Richard

Gary

Hi Richard W,

Yes a few hours with another D7000 would be interesting. I have had a quick look at your website and the Images are excellent.

However the problems with my D7000 are only apparent when looking at 100% on a monitor. Website images unless loaded at 100% would never show the issues I have.

I supply images to some of the premier Nature and Gardening agencies in the UK including Getty and the D7000 will pass QC, so its not all doom and gloom, its just that I know its not as good when compared to a D300/700.

I have used the 70-200mk 1with a x1.7 with subjects like butterflies, but I have never been really happy with the results,

The Irony is of course we all know that 12mp is good enough for anything unless you’re a serial cropper!

I won’t post any more on this subject but on the subject of 12mp here is my text from a recent blog referring to the D800,..

“last year I was contacted by a rather high brow UK agency for permission to use a shot of mine for a double page spread in a glossy UK magazine. (they’d got the image from one of my foreign Agents which I wasn’t best pleased about but that’s life) The UK agency in question has a very strict QC policy with a minimum file size of 50mb and a preference for full frame cameras.

Anyway the image was used and looked great, it was taken on a Nikon D200 with a 10mp sensor and the much criticized Nikon 18-200 VR lense.

As stock photographers the most we can expect a repro size at will be max A4 double page spread, and I think most will agree that’s a red letter day for most of us. My present kit of D300, D700 and D7000 will suffice for quite a few years yet.
Point of this post is, .. its the image that and not the kit that counts, and 36mp creates huge files and is quite unmanageable for uploading and general storage, but of course that’s just my opinion. “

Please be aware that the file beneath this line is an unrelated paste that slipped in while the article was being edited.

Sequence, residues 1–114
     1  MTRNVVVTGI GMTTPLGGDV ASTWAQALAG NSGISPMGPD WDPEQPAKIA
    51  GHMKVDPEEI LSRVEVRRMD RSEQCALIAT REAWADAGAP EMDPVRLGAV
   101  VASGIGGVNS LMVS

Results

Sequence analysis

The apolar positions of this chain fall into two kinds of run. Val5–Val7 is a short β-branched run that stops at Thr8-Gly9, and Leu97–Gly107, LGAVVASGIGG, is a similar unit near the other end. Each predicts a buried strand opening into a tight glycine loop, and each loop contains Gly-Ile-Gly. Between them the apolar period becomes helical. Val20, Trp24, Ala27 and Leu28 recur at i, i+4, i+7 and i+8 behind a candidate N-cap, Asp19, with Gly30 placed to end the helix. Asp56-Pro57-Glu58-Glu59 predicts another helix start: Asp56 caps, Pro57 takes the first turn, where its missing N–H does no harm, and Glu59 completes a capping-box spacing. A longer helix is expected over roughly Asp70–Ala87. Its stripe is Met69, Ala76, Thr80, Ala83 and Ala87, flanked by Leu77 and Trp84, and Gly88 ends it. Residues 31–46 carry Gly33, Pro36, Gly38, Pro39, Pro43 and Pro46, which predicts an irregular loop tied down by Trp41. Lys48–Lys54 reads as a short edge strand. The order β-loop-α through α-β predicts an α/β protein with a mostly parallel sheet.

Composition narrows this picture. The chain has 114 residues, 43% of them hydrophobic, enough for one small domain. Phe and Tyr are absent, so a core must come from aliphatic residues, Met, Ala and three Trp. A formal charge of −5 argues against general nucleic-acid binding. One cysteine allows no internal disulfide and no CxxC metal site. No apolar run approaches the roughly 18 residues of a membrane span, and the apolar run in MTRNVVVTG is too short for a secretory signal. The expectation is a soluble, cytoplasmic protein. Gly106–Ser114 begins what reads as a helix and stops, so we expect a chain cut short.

Richard Walliker

Hi Gary.

Note to self, “stop messing about with should I, or should I not have a go at stock images, and get on with it”! I would really feel a great boost to have something published or sold apart from friends for once.

My main reason for writing is that Nikon Rumours have announced that Nikon have registered a new lens, a 100-300 f4. Doesn’t particularly interest me as I have the 300mm f4, 70-200mm VR + x1.4TC and a Sigma 50-500mm OS. I would have preferred a 100-400mm f3.5-5.6 VRII as a replacement for the 80-400mm VRI.

Cheers

Richard

victor nguyen

Hi Mr. Peters,

Thanks for sharing your sites, knowledges, and experiences to us. you are awesome photographer.

I have same equipment as you have such as Nikon D3s with 600mm VR, 14-24mm, …along with D7000 for my sparing. however, i got a problem when I used D7000 with 14-24mm, most pictures I did take, it seems like blur even very carefully to focus. those pictures were not acceptable.

First, I thought my lens or AF mode, …but i did check but stll got the problem. My friend has the same problem.

Hopefully, you will help me to figure out how to set up ….

thanks very much

Victor Nguyen

Richard Peters

Thank you Casey, appreciated. It’s a paid theme which I then did some editing on.

troy phillips

Great review, told me what i needed to know without the extras.

Lee Miles

I have had my D7000 for 2 years it replaced my old D200 with the D7100 just anounced the price of the D7000 will come down markedly is it still worth buying? IMO yes the price tag will make it a bargain, pixel counts dont make photos subject and composition does however all you need is resonable clarity and lots of camera adjustment to fine tune prior to pushing the button both of which the D7000 has and now it will be at a really good price .
Any minor hiccups in image crispness is these day very adjustable with software like Noise Ninja & Focus Magic both of which IMHO work really well but for me with a reasonable glass on the front I love the image quality this little am cam produces.
My puchase of the D7000 was never influenced by the pixel count as I have seen stunning images taken on 8 meg digitals it was the controlability of the camera that sold me and I am still not disapointed the glass on the front is what really makes a difference put a junk lens on a Blad and you will get junk quality.
Downs? of course no such thing as a perfect camera AF on video is awful but then not manual focusing when shooting video is not the brightest ideas as you loose that wonerful pull focusing ability.
my other dislike are the super hi ISO’s very gimmicky and horrible but up to ISO 6000 this camera is the best low lighter I have used
Great camera & now will be at a fantastic price